**Road's End Papillons- established in 2006
**We are advocates of raw-, fresh, "human-grade food" for our canine friends .
we follow limited vaccination guidelines.
**Please note that Road's End available Papillons are
only to be seen by clicking on the AVAILABLE page, unless mentioned otherwise

Monday, August 9, 2010

You Ask: Papillons Sports: Agility: how to evaluate a prospect.

  • You Ask:  How to evaluate a Papillon Agility prospect.
Most Papillon  dogs come with lots of energy and high spirits; despite their tiny and dainty appearance.
They are also very smart and intelligent and have the ability to tune into you, figuring out very quickly what you want. They are very graceful, can turn very quickly, jump very high and far, and they can run in high speeds.
The AKC (American Kennel club) describes the Papillon as a "free, quick, easy, graceful, not paddle footed, or stiff in hip movements. They are happy, alert and friendly. Neither shy, nor aggressive."
This kind of  friendly temperament, along with the Papillon's eagerness to please, makes the dog an ideal candidate for Agility Sports.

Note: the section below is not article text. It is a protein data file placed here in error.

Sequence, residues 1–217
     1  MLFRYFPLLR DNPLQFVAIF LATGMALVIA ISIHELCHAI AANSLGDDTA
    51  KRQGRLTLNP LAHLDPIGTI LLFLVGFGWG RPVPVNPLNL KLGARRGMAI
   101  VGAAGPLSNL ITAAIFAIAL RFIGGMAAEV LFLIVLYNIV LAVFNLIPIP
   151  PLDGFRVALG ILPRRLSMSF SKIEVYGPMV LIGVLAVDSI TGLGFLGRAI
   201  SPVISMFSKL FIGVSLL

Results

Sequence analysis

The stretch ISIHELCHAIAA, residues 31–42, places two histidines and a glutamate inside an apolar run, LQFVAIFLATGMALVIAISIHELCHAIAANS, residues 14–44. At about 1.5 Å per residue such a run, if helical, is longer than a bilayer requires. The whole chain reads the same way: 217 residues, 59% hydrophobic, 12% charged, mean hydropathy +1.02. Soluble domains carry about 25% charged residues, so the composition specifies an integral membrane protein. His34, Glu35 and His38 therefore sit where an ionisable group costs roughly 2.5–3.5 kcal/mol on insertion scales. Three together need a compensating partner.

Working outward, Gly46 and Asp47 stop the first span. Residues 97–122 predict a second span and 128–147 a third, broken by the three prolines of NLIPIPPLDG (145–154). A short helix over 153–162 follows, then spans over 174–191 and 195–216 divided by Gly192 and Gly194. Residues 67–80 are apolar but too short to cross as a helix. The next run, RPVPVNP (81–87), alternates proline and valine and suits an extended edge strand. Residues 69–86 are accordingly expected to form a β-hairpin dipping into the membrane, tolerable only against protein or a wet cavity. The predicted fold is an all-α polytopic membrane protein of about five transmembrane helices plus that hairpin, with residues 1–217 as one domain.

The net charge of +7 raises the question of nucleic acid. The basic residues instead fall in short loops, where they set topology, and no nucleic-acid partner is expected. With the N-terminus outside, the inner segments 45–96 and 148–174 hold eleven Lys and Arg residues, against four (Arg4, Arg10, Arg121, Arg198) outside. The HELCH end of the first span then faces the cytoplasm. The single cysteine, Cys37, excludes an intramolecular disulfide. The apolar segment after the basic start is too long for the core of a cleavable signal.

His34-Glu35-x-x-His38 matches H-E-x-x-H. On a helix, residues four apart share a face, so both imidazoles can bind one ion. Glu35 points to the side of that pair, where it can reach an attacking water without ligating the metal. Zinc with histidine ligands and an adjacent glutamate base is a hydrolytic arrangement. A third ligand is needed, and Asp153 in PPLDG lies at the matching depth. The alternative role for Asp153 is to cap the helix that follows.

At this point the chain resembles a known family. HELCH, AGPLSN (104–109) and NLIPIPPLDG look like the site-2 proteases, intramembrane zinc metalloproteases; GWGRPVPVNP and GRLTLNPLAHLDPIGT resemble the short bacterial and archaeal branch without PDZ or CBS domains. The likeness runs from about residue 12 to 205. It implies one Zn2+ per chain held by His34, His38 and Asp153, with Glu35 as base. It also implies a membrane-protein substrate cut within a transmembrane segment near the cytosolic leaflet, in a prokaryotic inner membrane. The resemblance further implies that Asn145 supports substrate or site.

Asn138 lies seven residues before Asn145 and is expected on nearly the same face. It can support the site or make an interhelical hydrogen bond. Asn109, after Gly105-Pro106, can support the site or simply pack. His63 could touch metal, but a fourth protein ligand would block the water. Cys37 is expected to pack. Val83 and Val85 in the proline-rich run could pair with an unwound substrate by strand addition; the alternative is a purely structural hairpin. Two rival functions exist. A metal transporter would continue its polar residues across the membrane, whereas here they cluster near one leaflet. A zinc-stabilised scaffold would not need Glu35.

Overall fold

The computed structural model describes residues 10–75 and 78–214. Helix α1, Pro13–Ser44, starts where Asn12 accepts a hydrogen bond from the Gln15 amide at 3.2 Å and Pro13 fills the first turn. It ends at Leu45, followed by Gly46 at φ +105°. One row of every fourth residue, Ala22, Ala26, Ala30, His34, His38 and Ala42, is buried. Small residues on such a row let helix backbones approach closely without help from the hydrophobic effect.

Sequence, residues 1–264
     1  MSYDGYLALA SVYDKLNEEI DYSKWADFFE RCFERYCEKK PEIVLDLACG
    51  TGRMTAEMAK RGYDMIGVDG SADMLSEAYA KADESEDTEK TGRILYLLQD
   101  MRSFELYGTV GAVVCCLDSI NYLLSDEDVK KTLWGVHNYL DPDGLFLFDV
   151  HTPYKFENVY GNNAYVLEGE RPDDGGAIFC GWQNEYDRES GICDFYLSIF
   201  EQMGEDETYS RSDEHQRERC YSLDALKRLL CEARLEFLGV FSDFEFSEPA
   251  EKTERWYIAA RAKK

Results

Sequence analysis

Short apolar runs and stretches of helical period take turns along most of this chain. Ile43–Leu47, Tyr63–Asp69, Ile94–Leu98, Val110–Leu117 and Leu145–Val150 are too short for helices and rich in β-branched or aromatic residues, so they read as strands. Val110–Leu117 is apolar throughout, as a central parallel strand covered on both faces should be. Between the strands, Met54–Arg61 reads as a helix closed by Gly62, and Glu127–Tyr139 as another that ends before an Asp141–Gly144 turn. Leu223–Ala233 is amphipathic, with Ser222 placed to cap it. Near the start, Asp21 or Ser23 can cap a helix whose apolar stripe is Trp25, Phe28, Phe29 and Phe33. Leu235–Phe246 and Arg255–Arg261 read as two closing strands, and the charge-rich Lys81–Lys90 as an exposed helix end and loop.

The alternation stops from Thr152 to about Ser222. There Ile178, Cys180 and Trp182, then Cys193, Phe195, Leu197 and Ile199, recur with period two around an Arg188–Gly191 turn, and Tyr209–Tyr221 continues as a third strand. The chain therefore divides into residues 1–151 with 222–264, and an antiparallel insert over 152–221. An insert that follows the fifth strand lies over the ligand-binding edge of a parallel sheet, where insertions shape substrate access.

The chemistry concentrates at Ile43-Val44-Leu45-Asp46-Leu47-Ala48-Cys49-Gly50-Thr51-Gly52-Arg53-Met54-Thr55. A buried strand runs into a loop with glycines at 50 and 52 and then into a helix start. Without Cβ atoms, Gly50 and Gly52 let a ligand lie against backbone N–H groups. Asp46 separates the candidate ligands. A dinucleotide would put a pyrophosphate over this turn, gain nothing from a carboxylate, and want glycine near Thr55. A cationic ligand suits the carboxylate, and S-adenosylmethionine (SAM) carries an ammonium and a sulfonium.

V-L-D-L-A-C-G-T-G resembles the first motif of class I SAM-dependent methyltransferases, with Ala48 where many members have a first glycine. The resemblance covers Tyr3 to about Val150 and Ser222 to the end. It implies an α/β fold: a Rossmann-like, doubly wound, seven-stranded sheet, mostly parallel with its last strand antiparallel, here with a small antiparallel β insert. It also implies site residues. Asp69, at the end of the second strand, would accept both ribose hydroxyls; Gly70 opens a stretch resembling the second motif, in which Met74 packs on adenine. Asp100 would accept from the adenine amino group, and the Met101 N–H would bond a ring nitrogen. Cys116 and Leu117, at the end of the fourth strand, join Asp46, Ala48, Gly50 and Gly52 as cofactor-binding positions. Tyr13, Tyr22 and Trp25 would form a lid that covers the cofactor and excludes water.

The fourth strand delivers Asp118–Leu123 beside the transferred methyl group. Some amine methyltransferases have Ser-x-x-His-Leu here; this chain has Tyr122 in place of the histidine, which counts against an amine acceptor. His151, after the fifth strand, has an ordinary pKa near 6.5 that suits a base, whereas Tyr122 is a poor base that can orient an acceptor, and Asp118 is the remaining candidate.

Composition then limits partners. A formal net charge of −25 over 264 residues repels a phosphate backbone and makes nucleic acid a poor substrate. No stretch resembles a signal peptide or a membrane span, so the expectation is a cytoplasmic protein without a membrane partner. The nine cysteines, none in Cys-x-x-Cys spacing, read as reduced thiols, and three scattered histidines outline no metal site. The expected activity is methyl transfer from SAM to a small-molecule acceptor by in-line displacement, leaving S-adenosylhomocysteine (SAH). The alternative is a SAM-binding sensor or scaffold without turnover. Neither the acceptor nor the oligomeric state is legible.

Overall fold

The sport requires mainly to run through a course of obstacles (hurdles) and other objects, where he may have to weave around. He will get points for clearing them, etc. The owner runs alongside the Papillon, guiding him by giving only vocal commands.
But not all Papillons are suited for that kind of sports. (Just like people).
If you are seeking a puppy as a possible candidate for Agility, look at his parents again, and their activities.
Are the parents "fit",already engaged in this sport, or love to run, eager to please, team-players with the other Papillons at the breeders site?
Watch the puppy and his litter-mate(s), or interactions with other Papillons: is he following a small ball, is he inquisitive, loves to run, are his eyes following a rolling, or moving object?  Does he seem to be self-confident?
It takes a lot of training and conditioning for your Papillon- and you. So, do not think to enter your Papi into agility training to serve as a "weight-loss program".
Your Papillon have to be cleared by the vet from hip, knee, elbow, and general bone structure problems before entering this high impact sport.
Go for it, it's a wonderful thing to do, for you, and your Papi.
And if you keep an "under-exercised" Papillon, don't wonder if he is high- strung, destructive, barking all the time, and in general annoying.